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Third Dealer Sentenced in Colorado River
Indian Tribes Community Undercover Takedown
Federal Tribal Task Force targeted dealers
selling potent highly pure form of methamphetamine

PHOENIX, AZ. – The Honorable David G. Campbell on Monday sentenced Rosie Cruz Leivas, 33, of Parker to 57 months in federal prison after she pled guilty to possession with intent to distribute methamphetamine. Leivas, a member of the Colorado River Indian Tribes, was the third defendant sentenced as part of an undercover operation lasting more than a year.

Leivas sold methamphetamine to a confidential informant on three separate dates while she was at work at the tribe’s Farms Office in Poston, Ariz. Over three buys, Leivas sold the informant 43.9 grams of “actual” methamphetamine for $3,500. “Actual” methamphetamine refers to a high level of purity of the drug.

“Methamphetamine is a significant threat to our tribal communities,” said Doug Coleman, Drug Enforcement Administration (DEA) Acting Special Agent in Charge. “Side by side with our courageous tribal and federal law enforcement partners, we are holding meth dealers accountable, seizing their profits and shutting down their distribution network.”

“Meth dealers must face the harsh consequences of distributing such a highly addictive and dangerous drug to our Indian communities,” said Dennis K. Burke, U.S. Attorney for the District of Arizona. “This case was the result of tremendous teamwork to combat a very serious problem.”

Burke also thanked the law enforcement partners who took part in the operation, in particular the La Paz County Narcotics Task Force, for their work in fighting the sale of methamphetamine in Indian Country.

The Task Force -- in conjunction with the Bureau of Indian Affairs, the Colorado River Indian Tribes Police Department, and DEA -- targeted people with a known history of dealing methamphetamine out of their homes and places of work in the Colorado River Indian Tribes community.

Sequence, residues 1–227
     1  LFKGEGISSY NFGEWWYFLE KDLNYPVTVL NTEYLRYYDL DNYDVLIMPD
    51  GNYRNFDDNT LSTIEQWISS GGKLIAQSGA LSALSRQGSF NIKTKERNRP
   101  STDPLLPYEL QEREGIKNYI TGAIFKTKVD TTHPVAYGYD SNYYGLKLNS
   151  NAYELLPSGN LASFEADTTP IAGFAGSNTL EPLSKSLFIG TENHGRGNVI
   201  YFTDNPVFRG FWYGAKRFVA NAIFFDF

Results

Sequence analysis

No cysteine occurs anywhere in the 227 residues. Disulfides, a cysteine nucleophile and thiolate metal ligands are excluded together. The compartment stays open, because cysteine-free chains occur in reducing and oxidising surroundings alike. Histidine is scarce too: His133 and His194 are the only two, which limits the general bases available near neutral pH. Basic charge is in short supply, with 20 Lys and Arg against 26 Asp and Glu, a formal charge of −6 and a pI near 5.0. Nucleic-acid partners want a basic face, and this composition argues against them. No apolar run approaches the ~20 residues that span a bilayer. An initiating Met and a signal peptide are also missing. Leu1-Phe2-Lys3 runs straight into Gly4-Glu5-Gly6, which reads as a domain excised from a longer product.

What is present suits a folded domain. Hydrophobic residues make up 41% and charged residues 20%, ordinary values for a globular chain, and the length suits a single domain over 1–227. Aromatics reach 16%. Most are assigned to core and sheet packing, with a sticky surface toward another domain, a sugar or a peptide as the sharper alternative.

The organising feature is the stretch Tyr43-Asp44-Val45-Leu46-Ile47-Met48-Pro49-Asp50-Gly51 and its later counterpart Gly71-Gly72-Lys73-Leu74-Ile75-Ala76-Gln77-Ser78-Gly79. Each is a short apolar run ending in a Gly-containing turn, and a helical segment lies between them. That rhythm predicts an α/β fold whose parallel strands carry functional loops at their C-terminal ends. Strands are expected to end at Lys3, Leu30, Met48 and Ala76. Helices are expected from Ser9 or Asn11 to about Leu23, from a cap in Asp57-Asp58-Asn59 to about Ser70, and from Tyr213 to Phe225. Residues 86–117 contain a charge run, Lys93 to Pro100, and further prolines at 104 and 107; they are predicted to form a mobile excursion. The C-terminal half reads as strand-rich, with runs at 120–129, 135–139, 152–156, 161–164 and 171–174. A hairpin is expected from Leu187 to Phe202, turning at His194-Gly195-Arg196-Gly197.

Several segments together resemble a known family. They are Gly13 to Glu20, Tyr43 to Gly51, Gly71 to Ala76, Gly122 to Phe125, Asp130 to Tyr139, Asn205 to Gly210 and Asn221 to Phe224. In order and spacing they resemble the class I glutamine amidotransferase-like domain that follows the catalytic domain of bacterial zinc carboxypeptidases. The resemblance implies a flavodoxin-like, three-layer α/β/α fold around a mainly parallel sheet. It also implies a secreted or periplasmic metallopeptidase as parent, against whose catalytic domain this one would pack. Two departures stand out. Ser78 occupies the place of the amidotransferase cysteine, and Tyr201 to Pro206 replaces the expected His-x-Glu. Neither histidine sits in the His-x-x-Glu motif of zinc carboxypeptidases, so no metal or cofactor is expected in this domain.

As part of the same case, Melody Stevens, 37, of Parker, Ariz., also a member of the Colorado River Indian Tribes, was sentenced in October 2010 to 60 months in federal prison by the Honorable G. Murray Snow after pleading guilty to possession with intent to distribute methamphetamine. Stevens, already a convicted felon, was working with a co-conspirator when she sold 12.7 grams of actual methamphetamine to a confidential informant for $600.

Clorinda Nopah, 61, of Parker, and also a member of the Colorado River Indian Tribes, was sentenced in June 2010 to 60 months in federal prison by the Honorable Earl H. Carroll after pleading guilty to possession with intent to distribute methamphetamine. Nopah had a prior felony conviction for selling methamphetamine. Nopah sold a total of 20.4 grams of actual methamphetamine for $1,180 over three drug buys to the same buyer on the Colorado River Indian Tribes reservation.

The investigation in this case was conducted by the La Paz County Narcotics Task Force, the Colorado River Indian Tribes Police Department, the Bureau of Indian Affairs, and DEA. The prosecution was handled by Jennifer E. Green, Assistant U.S. Attorney, District of Arizona, Phoenix.


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